At age 89, Dan Rather seemingly has done it all: reporting for radio and television, hosting cable TV interview programs, writing books and commenting on news events on Facebook and Twitter.
But recently, he added a new medium to his communication portfolio: an email newsletter, called Steady.
Newsletters are “a form of direct communication, from me to you, delivered directly,” Rather says on his newsletter sign-up page.
The prominent longtime journalist isn't alone in joining the growing newsletter movement. Other popular authors who write directly to their readers include Apple expert Philip Elmer-DeWitt, 71; “Ask Polly” advice columnist Heather Havrilesky, 50; knitter Clara Parkes, 51; and political pundit Andrew Sullivan, 57.
Newsletters are back in vogue because as times change, what hasn't is the email inbox. We still check it first and most often during the day, says Tim Bajarin, president of market research firm Creative Strategies, based in San Jose, California.
Writing to readers “feels closer,” he says. “And readers love being able to respond directly to the writer."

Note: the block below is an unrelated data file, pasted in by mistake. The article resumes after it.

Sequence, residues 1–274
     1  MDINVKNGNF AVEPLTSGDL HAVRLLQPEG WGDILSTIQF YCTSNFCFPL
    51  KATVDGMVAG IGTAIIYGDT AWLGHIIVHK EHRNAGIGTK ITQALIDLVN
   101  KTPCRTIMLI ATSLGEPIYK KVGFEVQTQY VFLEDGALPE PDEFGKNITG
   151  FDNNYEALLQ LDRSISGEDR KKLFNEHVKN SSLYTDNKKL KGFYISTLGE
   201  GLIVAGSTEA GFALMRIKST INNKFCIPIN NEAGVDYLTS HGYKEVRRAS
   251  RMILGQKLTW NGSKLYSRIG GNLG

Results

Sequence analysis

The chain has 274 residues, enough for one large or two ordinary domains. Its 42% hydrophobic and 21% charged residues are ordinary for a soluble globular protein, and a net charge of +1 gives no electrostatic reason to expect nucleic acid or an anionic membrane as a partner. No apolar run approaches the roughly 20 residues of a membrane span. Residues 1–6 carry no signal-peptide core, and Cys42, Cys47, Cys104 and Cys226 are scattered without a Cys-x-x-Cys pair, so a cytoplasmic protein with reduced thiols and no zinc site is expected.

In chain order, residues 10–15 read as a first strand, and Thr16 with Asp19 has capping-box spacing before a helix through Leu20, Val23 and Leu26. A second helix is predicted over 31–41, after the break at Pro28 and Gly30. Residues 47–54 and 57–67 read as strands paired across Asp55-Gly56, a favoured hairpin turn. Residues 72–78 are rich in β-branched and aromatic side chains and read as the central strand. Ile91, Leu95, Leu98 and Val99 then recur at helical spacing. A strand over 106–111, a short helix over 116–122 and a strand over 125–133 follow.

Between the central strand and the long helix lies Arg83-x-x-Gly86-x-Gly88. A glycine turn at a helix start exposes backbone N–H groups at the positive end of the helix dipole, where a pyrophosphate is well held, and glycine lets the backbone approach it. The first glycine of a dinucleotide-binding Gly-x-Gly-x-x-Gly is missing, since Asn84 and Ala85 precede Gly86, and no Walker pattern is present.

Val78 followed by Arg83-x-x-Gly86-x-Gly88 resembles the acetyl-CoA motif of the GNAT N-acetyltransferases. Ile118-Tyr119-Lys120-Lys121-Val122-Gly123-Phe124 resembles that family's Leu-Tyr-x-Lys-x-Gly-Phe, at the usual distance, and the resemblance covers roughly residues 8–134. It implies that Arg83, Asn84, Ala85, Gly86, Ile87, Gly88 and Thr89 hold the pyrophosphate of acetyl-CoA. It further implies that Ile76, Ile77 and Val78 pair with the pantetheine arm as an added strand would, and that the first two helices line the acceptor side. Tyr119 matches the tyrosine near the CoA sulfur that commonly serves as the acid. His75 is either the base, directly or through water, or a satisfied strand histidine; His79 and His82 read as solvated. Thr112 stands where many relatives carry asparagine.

People look at their inboxes
Newsletters also solve one of the bigger problems with social media — namely, not everyone who follows you will see your post. Programmers have written code determining that only the people who regularly interact with you get to read your ideas.
"I couldn't tell why some pieces reached more readers than others,” Rather says.
But with a newsletter, all of your subscribers will receive it and have access to every article. Social media firms have responded by joining the fray.
Twitter, home to the 240-character message, earlier this year bought Revue, a company that distributes newsletters, saying it wants to help people build up their audience by making it easier to subscribe on Twitter itself. And Facebook announced on March 16 that it will introduce a free self-publishing tool in the coming months for creating an email newsletter and custom website.
A way to earn a little extra cash
Feeling closer to your readers can make you money, too. Thanks to firms like Substack and Revue, many top writers are pulling in more than $100,000 a year by selling subscriptions to their newsletters, according to Substack, which, like Revue, takes a cut of the monthly revenues.